"The true strength of our nation comes not from the might of our arms or the scale of our wealth, but from the enduring power of our ideals." - Barack Obama

              by HeyMikey on Thu Jan 17, 2013 at 02:44:55 PM PST

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          •  'The world (3+ / 0-)

            as we find it' said Axelrod. What utter bs. This world is being created and is not inevitable. Through out history the biggest assholes always proclaimed their world order was inevitable that's part of their con. nothing is inevitable especially when it doesn't pay and it's wrecking the world. As we find it doesn't mean this so called inevitable globalized piracy can't fall or fail. It is a fail for both humans and the planet. People can and do crawl out from the wreckage created by the would be rulers of the world. The first step is not believing their apocalyptic bs about the end of the world as we know it. Good riddance if  global dominance by these psycho globalizing free trade/market fundies go down.    

        •  With all respect, (0+ / 0-)

          import-substitution has been tried, in India (1947-1991 or so). It didn't work.

        •  Trading knowledge, but you can't trade climate (0+ / 0-)

          I'm not sure what parity means in this context, but I suspect a lot of the world will never catch up to resource and water rich regions (northern California, for example). What dynamic was going to lift any Peruvian farmers out of poverty? Certainly not the internal Peruvian market.

      •  Think people globally (6+ / 0-)

        were sold a bill of goods by the excellent salesman Big Dog. I remember his bs about how all boats will rise in this inevitable NWO. NAFTA bit me in the ass right away.  Put me out of  business as an artisan. It also did not help the artisans of say South America, Tunisia or Mexico or anywhere globally, the ones who my dealers and galleries used to make more profit with

        . Their beautiful skilled handiwork was cheaper then any one here could produce and not starve and it did not get the global artists a better standard of living. The Chinese workers may be better off then they we're but they don't have those suicide nets for nothing. Standards of living do not always measure the plight of workers the peons that actually grow and make things. I think we're seeing the effects of NAFTA right now. Free trade the other side of the free market coin.    

        I buy some products not grown in the US like coffee or chocolate, but only Fair Trade. Cost''s a little more in some cases often it's less expensive then the big name brands. I've also seen fair trade and domestically grown quinoa in bulk at my co-op.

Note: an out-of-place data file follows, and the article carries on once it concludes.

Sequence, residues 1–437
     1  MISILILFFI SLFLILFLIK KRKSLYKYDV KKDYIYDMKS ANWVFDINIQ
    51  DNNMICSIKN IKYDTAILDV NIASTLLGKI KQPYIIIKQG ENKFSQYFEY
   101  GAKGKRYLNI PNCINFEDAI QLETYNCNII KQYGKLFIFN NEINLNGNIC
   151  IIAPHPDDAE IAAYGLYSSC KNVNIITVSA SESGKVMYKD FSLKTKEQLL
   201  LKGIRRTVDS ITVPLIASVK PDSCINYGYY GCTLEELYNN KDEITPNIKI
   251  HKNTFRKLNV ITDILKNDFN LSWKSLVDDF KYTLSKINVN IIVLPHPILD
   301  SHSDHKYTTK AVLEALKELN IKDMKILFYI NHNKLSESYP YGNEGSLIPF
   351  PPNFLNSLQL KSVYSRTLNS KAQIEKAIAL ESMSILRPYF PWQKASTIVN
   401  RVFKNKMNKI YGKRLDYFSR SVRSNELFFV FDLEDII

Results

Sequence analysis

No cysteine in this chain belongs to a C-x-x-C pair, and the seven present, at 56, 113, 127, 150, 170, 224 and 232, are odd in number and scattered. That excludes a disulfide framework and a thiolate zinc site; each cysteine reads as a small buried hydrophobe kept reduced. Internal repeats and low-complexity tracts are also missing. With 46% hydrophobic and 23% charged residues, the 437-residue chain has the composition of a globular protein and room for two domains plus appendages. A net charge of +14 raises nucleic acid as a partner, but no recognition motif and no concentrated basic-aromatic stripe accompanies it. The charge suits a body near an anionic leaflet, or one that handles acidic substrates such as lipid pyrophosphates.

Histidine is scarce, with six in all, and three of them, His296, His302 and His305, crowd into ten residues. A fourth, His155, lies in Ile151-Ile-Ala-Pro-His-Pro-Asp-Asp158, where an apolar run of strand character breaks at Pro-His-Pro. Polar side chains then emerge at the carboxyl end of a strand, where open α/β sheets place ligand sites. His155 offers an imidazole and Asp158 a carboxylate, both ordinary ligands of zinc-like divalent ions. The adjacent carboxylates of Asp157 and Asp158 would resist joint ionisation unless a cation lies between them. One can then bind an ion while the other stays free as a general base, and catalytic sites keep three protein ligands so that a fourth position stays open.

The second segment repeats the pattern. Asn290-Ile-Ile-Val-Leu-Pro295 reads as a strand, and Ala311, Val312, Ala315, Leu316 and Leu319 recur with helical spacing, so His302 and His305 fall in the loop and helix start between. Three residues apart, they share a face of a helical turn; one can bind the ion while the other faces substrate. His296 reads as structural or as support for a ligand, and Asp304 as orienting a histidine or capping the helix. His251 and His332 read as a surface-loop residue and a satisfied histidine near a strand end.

•  We could pressure quinoa importers (5+ / 0-)
      Recommended by:
      wader, DawnN, Jakkalbessie, NYFM, joynow

      to send some portion of revenues back to resubsidize local farmers. That's a corporate-type solution which would potentially help farmers, although it's definitely not a great long term strategy. Still, given that many who buy quinoa probably tend to be more thoughtful about these things, like myself, we ought to be able to demand this from the companies selling quinoa now.

      It's not my ideal solution. That's repealing free trade agreements. But it's a possibility, maybe?

      Click the ♥ to join us on the Black Kos front porch to review news & views written from a black pov - everyone is welcome.

      by mahakali overdrive on Thu Jan 17, 2013 at 10:58:41 AM PST

      [ Parent ]

    •  Probably nothing (1+ / 0-)
      Recommended by:
      marina

      because (and I'm just guessing here, although a little quick googling seems to confirm it) the quinoa market is probably already controlled by ADM, Cargill, and Bunge (bigger outside the US, but here, too).

      Most of the income probably goes to them already, some of the rest goes to big landowners, and a little trickles down to tenant farmers or small-holders.

      It's doubtful they make more now than if they were selling only into local markets.

      In Soviet Russia, you rob bank. In America, bank robs you.

      by badger on Thu Jan 17, 2013 at 12:21:44 PM PST

      [ Parent ]

    •  They lose their jobs (2+ / 0-)
      Recommended by:
      Lonely Texan, Adam B

      and maybe starve. Or enter the drug trade. But we'll feel good about not eating quinoa.